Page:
Getting on his level

If I want him to stop doing something or get down or leave something be – I go to him.  He isn’t likely to listen to repeated attempts of “no, don’t do that” or “get down from there” if I am way across the room or standing above him.  He is small and two, so unless I am right there – it doesn’t count.

Rearranging Expectations

Grumpy happens

I have to remind myself – he IS two.  He is learning and figuring out just where he fits in this world.  He is testing boundaries, figuring out how stuff works and adjusting to the idea that he is a separate person from myself.  All of this amazing, scary, tough, wonderful and COMPLETELY age appropriate.  It is my responsibility as a parent to know his limits and to plan accordingly.  If he is tired and cranky – maybe I shouldn’t try to get him to go to the store or wherever I thought we had to be.  Most meltdowns can be avoided by respecting my son’s needs and not putting my wants before those needs.

So now back to my original confession of social awkwardness.  I’m still learning, I make mistakes, I can’t always be liked by everyone but as long as I’m loved by my sons – that is all that really matters.

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I'm a Natural Parent — But … Blog CarnivalThis carnival was created by The Artful Mama and Natural Parents Network. We recognize that “natural parenting” means different things to different families, and we are dedicated to providing a safe place for all families, regardless of where they are in their parenting journeys.

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7 Responses to I'm a Natural Parent – BUT…I'm Socially Awkward

  1. Kym says:

    “I can’t always be liked by everyone but as long as I’m loved by my sons – that is all that really matters.” — I need to write that on a piece of paper, laminate it and keep it in the diaper bag. I’m *such* a people pleaser that it’s been really hard for me to let go of that a focus just on what my child needs. Very smart words!

  2. Chanisa says:

    Having someone that understands how I’m trying to parent my boys has been a godsend! Most people I encounter think I’m a crazy hippie that spoil my children and scold me for not teaching my toddler to share. Knowing other people that share the same beliefs has made me more confident and accepting of my inner crunchiness.

  3. Yes, I feel the same way much of the time. I typically go with the “rearranging expectations” method . . . which means we don’t go out a lot, and when we do it’s with a clear, short purpose and at a time that works for us (usually mornings). Mine are 6, 4, and almost 2, so a range of how much “social” they can handle before things get crazy :-) I plan accordingly and (usually) know when it’s time to cut our losses and head for home.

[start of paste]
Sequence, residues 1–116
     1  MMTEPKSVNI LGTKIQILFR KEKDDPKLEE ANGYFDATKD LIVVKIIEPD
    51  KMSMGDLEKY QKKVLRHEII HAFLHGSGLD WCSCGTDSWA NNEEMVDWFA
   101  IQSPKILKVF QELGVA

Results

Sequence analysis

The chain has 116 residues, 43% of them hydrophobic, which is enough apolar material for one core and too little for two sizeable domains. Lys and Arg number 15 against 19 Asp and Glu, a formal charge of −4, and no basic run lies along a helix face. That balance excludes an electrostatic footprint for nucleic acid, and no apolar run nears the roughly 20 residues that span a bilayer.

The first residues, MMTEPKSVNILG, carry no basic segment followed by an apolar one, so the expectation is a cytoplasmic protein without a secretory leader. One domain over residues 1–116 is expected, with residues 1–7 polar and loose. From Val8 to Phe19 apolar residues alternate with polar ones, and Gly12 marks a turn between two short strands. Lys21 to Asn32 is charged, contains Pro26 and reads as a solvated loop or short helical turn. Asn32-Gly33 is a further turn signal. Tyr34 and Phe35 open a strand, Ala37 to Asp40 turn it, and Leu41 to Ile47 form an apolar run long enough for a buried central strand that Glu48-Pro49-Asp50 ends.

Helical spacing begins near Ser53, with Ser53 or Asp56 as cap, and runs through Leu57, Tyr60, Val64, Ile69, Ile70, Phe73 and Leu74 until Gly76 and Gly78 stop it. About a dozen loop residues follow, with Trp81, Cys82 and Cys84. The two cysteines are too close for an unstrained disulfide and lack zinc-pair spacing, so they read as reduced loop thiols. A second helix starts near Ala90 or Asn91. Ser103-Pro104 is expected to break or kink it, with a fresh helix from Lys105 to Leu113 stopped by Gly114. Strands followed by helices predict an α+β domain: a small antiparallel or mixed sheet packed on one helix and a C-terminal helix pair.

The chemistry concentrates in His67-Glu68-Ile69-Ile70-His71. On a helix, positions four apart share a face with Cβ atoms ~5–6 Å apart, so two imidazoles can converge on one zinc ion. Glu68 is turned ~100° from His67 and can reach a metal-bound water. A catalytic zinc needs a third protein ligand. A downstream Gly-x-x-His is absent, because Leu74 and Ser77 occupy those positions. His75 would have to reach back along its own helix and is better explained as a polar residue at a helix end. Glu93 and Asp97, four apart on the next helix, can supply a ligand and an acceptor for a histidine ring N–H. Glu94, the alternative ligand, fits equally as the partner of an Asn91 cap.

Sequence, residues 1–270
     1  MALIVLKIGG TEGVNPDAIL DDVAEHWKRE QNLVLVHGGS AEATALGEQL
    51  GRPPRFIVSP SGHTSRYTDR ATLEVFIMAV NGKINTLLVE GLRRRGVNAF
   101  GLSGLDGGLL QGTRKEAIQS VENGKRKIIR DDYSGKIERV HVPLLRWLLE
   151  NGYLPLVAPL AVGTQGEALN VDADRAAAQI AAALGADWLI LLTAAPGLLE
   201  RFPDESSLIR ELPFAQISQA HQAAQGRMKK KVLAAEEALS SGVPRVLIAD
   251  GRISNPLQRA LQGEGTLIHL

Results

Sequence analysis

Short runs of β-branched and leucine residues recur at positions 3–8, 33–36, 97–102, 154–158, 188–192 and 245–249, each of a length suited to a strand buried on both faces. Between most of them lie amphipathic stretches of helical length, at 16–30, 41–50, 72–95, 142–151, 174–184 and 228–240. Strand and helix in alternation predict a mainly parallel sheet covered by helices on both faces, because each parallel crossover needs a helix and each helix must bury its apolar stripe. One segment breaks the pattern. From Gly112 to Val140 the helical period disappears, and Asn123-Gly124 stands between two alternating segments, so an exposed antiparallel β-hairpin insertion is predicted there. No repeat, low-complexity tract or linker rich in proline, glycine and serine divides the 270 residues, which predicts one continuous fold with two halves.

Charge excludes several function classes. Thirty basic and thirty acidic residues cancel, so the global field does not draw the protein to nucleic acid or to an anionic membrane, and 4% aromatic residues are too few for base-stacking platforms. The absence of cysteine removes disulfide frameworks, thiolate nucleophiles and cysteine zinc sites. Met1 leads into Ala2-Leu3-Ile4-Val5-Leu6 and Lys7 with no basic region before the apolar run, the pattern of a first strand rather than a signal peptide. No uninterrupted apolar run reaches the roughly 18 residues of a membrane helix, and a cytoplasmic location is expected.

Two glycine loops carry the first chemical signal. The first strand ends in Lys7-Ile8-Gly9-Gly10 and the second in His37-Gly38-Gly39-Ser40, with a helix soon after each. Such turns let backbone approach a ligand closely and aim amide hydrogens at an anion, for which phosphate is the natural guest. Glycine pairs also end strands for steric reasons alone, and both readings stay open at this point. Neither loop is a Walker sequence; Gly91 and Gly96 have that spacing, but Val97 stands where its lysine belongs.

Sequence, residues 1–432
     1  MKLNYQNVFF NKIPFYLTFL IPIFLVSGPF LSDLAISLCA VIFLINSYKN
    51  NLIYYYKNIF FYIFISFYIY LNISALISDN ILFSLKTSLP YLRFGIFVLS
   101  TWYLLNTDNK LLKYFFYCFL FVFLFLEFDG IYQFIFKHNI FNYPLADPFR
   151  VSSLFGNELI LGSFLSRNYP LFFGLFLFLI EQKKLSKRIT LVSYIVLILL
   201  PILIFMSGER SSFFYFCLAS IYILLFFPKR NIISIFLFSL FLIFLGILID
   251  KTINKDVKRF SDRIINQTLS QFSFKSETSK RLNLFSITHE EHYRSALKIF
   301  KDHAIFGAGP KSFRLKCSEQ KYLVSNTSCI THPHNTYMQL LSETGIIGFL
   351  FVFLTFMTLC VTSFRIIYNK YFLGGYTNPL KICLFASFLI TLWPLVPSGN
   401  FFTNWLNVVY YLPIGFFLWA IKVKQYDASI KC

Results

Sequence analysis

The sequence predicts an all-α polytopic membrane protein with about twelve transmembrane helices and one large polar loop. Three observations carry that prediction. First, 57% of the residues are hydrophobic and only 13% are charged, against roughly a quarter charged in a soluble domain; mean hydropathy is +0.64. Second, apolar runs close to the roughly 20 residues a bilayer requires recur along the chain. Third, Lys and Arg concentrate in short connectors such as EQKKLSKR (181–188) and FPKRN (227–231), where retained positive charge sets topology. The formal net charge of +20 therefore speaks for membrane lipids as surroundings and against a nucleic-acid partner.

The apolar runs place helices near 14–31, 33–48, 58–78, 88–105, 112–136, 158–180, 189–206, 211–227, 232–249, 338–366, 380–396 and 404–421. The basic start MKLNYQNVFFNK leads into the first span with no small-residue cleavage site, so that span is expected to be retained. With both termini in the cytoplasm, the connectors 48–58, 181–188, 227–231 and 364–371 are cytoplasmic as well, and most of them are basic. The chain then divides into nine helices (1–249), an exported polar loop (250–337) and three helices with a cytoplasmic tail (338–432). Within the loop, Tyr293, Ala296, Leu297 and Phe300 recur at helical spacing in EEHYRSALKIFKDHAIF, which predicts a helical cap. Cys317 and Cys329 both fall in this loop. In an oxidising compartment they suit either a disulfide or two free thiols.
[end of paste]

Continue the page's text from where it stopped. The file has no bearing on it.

4. Arpita says:

    I LOVE this post!! And I totally feel you, they are totally interconnected! If I had written a post for this carnival it would be called… “I’m A Natural Parent, but I’m not actually a Parent.” Trust me, it’s not fun preaching natural parenting, and gentle discipline when you don’t even have kiddos and most often get the “ohh it’s that sweet, you’ll learn, amatuer.” I think, even if, and honestly… especially if you are challenged that is when you should stand up for yourself. Kuddos to you mama, and SOO glad you found a mommy friend with your beliefs!!

  5. Thanks for sharing this, Shannon! I can relate.

  6. Janine says:

    I am pretty good with strangers but it is harder with close friends and family. I do have a strong personality and everyone knows that I do my research and know my shit, so I think they know better than to argue with me!

    You really never know how other people parent at home – Next time you’re in an awkward situation, pretend you are modeling good parenting for everyone else. Maybe one of the other moms would love to parent your way but isn’t confident or is a bit awkward too. :)

  7. Lyndsay says:

    I love this post and totally understand the connection you are making between social awkwardness and parenting. I feel this sometimes as well, but am not as brave as you – and just stopped going out. :)